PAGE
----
TORONTO — Meta and Google's move away from linking to Canadian news sites is a "moment of reckoning" for publishers and broadcasters that have heavily relied on social media to build audiences, marketing and journalism experts say.
They believe the Online News Act, which will force digital giants to pay media outlets for content they share or repurpose on their platforms when it comes into effect later this year, could spark new discussions about how publishers market themselves and engage with audiences.
"This is a moment of reckoning for brands that want to support the public interest and want to be seen, but don't want to be seen on platforms that are negatively perceived by the public," said Courtney Radsch, director of Center for Journalism and Liberty, a Washington, D.C.-based think tank.
In response to the act known as Bill C-18, Meta and Google have said they will remove news by Canadian journalism outlets from their sites before the law comes into force.
Some users, including CBC News editor in chief Brodie Fenlon, have said they've already seen posts from Canadian news brands disappear from Meta's Instagram and Facebook platforms, potentially narrowing the company's reach.
CBC News, for example, has 663,000 Instagram followers and 3.1 million Facebook followers.
In response to such moves, Bell Media brands including CTV and BNN Bloomberg issued Instagram statements recommending people seeking their news look directly on their websites or visit their apps. CBC News prodded readers to make a similar move earlier this week.
Early Friday evening, Bell Media joined a growing number of media companies including National Post owner Postmedia, Toronto Star owner Torstar Corp., TVA and Videotron owner Quebecor Inc. and broadcaster Cogeco Inc. in suspending all its advertising on Meta's platforms.
"Like many Canadians, we are concerned about the consequences Meta's decision to block links from Canadian news organizations will have on Canadians, and all those who reside or work here, all of whom should be able to rely on independent and trusted news from Canadian sources," said Bell Media president Wade Oosterman in a written statement.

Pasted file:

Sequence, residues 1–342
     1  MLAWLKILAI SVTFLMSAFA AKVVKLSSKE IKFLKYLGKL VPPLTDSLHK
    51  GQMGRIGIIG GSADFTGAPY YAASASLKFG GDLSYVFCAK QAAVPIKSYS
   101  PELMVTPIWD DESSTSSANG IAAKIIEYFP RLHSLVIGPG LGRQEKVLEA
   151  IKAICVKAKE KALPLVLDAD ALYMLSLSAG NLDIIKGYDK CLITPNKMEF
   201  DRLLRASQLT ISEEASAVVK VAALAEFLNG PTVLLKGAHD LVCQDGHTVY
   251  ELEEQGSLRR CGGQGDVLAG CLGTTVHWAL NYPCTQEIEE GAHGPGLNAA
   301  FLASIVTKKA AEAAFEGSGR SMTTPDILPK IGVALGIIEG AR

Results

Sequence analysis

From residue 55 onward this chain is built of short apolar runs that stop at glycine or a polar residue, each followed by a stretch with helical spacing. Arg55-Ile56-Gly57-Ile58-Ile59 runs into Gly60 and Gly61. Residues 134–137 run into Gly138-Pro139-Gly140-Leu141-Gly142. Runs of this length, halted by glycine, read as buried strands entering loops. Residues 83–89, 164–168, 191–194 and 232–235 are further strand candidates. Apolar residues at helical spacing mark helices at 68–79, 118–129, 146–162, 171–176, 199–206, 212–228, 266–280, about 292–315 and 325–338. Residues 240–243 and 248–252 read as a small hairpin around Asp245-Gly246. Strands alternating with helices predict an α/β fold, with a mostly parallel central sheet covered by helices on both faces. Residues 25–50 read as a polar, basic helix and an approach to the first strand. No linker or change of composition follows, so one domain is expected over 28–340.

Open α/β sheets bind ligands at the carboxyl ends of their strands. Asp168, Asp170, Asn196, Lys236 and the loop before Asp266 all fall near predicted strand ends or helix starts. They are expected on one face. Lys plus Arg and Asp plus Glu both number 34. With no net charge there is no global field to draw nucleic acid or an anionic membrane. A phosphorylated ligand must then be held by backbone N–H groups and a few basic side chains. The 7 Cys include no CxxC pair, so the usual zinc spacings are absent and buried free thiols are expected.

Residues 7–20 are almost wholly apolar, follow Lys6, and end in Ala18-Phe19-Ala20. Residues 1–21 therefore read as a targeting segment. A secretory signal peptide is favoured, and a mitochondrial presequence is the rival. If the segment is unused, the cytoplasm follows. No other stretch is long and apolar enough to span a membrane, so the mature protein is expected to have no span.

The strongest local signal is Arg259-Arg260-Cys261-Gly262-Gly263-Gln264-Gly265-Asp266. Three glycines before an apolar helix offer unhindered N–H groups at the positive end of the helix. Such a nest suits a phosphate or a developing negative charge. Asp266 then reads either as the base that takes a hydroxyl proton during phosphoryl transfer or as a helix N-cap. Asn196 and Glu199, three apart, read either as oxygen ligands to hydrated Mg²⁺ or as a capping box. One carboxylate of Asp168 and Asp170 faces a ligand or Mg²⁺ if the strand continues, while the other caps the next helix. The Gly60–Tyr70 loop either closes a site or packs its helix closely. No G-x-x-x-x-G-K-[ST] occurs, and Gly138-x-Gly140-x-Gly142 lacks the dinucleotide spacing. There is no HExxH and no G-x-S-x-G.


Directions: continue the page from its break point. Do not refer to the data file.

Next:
The federal government, as well as the province of Quebec and the City of Montreal, also said this week that they plan to end advertising on Meta platforms.
The succession of moves raises several questions, said Joanne McNeish, a Toronto Metropolitan University professor specializing in marketing.
"Is this an opportunity for press rooms to rebuild their direct connections with readers?" she said.
"Does this represent an opportunity for newsrooms to build their own — possibly industry-shared — news platforms? What could the revenue model look like to support an online news platform?"
News companies have long relied on subscribers, viewers and advertisers to deliver revenues, but in recent years have watched each of those sources decrease.
The Canadian Media Concentration Research Project found Google and Facebook collectively accounted for 79 per cent of estimated $12.3 billion online advertising revenue in 2021 and over half of total advertising spending across all media.
If you add Amazon to the picture, the project said the three US digital conglomerates accounted for close to 90 per cent of the online advertising market.
News Media Canada added that advertising revenue for community newspapers in the country dropped to $411 million in 2020 from $1.21 billion in 2011. Over that span, almost 300 papers either disappeared or merged with other publications.
Paul Deegan, the trade association's president and chief executive officer, said "both Google and Meta are important channels for reaching audiences."
However, he said in an email that "blocking access to fact-based, fact-checked news from authoritative publishers harms user experience and devalues and degrades the platforms."
He is confident the regulatory process playing out over the next months as the act nears effect will clear up many of the current festering concerns.
"Canada is a very attractive and lucrative market for these companies. It’s time to stop the sabre-rattling," he said.
"It's time to work this out in a way that balances the needs of all stakeholders."
This report by The Canadian Press was first published July 7, 2023.
Meta funds a limited number of fellowships that support emerging journalists at The Canadian Press.
Torstar holds an investment in The Canadian Press as part of a joint agreement with subsidiaries of The Globe and Mail and Montreal’s La Presse.
Tara Deschamps, The Canadian Press